The PepsiCo India innovation avoids problems like high seed-death rate and water logging as it uses a seed drill that also adds a dash of fertiliser. Plus, laser levelers help prepare the field better.

PepsiCo India itself has helped farmers introduce DSR in 6,500 acres of paddy fields across Punjab, Rajasthan, Karnataka, Tamil Nadu and Pondicherry. Trial runs have been successful and it is hoped that the water saving alone, in the five states, could be five billion kilolitres per season. “We have taken this up as part of our corporate social responsibility mission as this technology aids in reducing the global warming potential and leads to material benefits for farmers,” says Amit Bose, Executive Vice-President, PepsiCo India. The aim is to scale it up rapidly by next year.

Puddling, or the compacting of the soil and inundating the field, is also required to maintain the anaerobic conditions that help increase the availability of iron, zinc and phosphorous— three minerals needed by the rice plant. The new DSR method makes up by drilling some fertilisers together with the seed into the ground.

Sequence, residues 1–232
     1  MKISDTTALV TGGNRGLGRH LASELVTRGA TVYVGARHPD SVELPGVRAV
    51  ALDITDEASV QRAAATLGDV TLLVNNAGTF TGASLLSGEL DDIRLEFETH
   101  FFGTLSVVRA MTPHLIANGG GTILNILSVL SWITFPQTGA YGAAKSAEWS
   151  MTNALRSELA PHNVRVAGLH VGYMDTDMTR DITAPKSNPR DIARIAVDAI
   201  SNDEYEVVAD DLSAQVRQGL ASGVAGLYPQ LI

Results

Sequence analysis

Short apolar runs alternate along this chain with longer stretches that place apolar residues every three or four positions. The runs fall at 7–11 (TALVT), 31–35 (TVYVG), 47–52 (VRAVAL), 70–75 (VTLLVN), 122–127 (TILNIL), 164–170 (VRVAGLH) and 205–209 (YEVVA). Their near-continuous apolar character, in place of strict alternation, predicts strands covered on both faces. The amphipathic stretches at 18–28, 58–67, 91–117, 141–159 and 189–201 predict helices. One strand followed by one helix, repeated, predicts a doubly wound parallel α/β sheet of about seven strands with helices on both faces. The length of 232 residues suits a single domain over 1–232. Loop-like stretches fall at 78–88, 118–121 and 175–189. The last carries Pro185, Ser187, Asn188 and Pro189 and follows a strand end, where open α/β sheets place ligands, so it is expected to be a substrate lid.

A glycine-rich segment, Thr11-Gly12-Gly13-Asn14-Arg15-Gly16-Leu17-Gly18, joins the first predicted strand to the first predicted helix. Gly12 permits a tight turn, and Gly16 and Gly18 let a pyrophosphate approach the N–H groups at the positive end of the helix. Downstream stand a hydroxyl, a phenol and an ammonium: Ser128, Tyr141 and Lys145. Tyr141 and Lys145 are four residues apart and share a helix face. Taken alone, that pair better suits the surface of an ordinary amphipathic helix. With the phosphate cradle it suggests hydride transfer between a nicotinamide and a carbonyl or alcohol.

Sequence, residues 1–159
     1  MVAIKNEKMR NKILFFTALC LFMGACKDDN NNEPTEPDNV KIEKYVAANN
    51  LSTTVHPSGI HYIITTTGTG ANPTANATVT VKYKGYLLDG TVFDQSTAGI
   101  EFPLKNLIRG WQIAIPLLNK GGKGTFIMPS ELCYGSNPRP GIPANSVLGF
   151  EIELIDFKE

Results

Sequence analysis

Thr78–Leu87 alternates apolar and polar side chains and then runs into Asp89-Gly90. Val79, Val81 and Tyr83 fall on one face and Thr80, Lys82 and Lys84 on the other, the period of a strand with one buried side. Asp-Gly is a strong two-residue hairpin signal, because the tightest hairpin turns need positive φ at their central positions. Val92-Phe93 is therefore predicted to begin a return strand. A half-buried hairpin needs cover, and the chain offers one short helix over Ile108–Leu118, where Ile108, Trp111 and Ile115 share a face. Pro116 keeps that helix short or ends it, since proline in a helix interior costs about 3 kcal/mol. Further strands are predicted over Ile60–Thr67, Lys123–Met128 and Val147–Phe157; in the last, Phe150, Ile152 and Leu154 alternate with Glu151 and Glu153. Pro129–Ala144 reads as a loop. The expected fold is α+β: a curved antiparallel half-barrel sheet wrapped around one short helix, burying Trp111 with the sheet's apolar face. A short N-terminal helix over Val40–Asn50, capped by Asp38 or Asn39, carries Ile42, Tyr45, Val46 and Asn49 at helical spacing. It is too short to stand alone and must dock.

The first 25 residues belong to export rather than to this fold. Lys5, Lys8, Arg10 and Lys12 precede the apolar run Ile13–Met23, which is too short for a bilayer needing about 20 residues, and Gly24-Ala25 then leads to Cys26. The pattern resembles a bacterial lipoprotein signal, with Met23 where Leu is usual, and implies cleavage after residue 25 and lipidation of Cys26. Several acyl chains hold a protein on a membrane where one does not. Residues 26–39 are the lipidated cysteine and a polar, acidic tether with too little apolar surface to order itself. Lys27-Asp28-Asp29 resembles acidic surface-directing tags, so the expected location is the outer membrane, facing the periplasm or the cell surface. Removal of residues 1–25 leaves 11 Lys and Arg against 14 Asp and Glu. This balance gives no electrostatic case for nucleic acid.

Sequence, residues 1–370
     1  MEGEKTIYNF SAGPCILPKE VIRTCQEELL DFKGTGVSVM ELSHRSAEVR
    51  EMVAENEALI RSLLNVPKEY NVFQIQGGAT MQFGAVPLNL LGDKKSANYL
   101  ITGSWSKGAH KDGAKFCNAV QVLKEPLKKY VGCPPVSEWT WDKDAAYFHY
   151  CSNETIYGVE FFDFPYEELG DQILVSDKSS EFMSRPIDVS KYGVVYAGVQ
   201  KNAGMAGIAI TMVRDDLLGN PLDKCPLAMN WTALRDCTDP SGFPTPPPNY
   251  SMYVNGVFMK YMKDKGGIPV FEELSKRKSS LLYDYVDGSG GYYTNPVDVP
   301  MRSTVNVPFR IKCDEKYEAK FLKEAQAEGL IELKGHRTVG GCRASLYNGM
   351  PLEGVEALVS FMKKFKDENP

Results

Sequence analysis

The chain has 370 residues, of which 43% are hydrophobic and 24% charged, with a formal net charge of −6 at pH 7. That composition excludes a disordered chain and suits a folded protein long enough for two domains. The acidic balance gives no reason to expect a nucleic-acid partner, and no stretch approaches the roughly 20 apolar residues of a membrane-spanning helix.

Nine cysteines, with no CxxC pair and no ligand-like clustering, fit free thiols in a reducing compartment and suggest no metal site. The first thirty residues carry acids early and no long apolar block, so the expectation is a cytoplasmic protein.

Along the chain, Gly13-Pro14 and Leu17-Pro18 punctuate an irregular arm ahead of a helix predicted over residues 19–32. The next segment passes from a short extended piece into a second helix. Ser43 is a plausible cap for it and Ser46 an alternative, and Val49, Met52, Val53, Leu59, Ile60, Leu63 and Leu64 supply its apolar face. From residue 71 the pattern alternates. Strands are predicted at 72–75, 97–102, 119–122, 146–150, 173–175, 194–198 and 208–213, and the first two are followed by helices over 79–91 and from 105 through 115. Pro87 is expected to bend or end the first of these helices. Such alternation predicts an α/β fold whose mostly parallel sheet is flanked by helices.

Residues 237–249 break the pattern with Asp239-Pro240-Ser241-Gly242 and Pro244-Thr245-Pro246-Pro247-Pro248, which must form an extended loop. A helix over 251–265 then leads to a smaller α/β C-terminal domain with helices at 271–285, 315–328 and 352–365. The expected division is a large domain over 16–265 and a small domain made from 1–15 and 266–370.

Raju Poosapati, Senior Vice-President at YES Bank, notes that the rush for DSR has also attracted weedicide manufacturers. “Weedicides can play an important role in increasing the acreages under DSR… If selective herbicides are used it helps in reducing the costs on control of weeds and also there are technologies involved,” says Poosapati, who also heads Food & Agribusiness Strategic Advisory & Research at the YES Bank.

However, DSR has caveats attached to it. “Fact is, the technology is still being evaluated by farmers and controlling weeds remains a challenge,” says Ladha. Also, according to Sivakumar of ITC, the achievable yield levels are slightly less than those from the traditional system involving transplanting. “Moreover, it can be adopted only by those farmers who have assured source of irrigation available, since sowing is required to be done well before the start of the monsoon. Use of weedicides is also very essential,” he says.

But according to PepsiCo India, this depends on the stage of the trials. It says there are new molecules that have been developed for effective weedicides: “Besides, we have realised that weedicides given at the right stage of planting, and in the required measure, are effective in controlling the erosion of productivity. We find that farmers have a similar level of productivity as that in the traditional method,” says Susheel Sankhyan, GM, Agribusiness, PepsiCo India.